Sir George Frampton, R.A. 1860 - 1928
Bust of the Marchioness of Granby
Photo: R.A.
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Bust of the Marchioness of Granby, 1902
Marble, 740 X 615 X 300 X 138 kg
Diploma Work given by Sir George Frampton, R.A., accepted 1902
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Violet Lindsay (1856-1937), later Marchioness of Granby and Duchess of Rutland, was a member an aristocratic circle of aesthetes known as "The Souls".

A practicing artist, specialising in pencil portraits and sculpture, she regularly exhibited at the Grosvenor Gallery. Violet was a celebrated society beauty who was painted by artists such as G.F. Watts, Jacques-Emile Blanche, J.J. Shannon and William Rothenstein. In her later years she continued to live by Aesthetic codes, wearing unconventional flowing garments in muted colours pinned with exotic brooches, as seen in Frampton's bust.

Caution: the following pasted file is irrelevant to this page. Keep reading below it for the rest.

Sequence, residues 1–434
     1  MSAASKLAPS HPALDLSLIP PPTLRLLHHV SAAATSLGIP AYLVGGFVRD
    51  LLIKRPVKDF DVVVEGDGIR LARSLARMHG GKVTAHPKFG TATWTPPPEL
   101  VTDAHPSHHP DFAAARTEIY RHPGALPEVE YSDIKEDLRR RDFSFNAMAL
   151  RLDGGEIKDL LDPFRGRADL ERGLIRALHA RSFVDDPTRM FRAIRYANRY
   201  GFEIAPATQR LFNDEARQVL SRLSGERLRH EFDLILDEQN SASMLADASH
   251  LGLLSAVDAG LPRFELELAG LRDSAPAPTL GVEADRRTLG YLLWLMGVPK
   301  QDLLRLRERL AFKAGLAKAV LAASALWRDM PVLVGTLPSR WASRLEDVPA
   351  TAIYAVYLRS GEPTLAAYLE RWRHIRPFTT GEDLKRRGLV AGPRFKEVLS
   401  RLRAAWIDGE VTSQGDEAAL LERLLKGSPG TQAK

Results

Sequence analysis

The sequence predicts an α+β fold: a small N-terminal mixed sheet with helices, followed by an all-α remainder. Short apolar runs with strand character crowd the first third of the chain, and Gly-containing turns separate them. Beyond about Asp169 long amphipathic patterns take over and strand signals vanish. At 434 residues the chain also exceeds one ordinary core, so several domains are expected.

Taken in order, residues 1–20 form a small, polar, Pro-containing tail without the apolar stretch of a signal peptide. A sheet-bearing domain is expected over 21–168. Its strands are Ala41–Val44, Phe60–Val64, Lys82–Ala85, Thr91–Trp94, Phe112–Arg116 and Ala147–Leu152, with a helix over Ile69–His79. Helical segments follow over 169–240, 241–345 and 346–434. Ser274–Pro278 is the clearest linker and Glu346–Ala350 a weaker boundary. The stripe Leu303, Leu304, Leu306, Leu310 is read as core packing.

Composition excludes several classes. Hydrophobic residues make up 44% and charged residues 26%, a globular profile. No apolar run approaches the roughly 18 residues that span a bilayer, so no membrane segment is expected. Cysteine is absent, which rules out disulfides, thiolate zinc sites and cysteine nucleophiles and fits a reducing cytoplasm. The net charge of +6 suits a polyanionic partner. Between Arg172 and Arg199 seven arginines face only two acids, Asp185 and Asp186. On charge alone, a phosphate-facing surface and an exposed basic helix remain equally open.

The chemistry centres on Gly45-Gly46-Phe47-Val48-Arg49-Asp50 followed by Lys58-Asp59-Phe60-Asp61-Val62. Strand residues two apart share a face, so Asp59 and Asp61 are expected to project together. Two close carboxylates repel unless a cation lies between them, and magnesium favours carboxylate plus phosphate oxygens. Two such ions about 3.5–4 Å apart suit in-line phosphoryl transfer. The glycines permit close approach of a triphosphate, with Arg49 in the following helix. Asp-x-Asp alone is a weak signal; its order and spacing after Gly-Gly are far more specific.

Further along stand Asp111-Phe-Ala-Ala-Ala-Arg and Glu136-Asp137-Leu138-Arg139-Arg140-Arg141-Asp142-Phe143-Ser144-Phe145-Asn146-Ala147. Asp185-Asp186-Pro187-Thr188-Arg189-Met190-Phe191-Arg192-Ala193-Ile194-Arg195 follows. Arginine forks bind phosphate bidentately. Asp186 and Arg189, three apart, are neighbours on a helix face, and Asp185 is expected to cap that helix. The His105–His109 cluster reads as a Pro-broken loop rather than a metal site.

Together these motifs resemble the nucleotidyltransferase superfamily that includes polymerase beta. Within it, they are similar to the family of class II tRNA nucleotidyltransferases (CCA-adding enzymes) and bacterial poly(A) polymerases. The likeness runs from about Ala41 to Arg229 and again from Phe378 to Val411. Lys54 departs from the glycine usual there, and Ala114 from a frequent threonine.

This marble was originally painted with gold highlights as The Art-Journal (1902) recorded:

'Mr. Frampton a firm adherent of what may be called the polychromatic school of sculptors; he does not believe that here and now we need dissociate colour from reliefs or examples in the round. In the 'Lady Granby,' the medallions, bearing a peacock design, the ear-rings, and the fastening of the quaint headgear under the chin, are touched with gold.'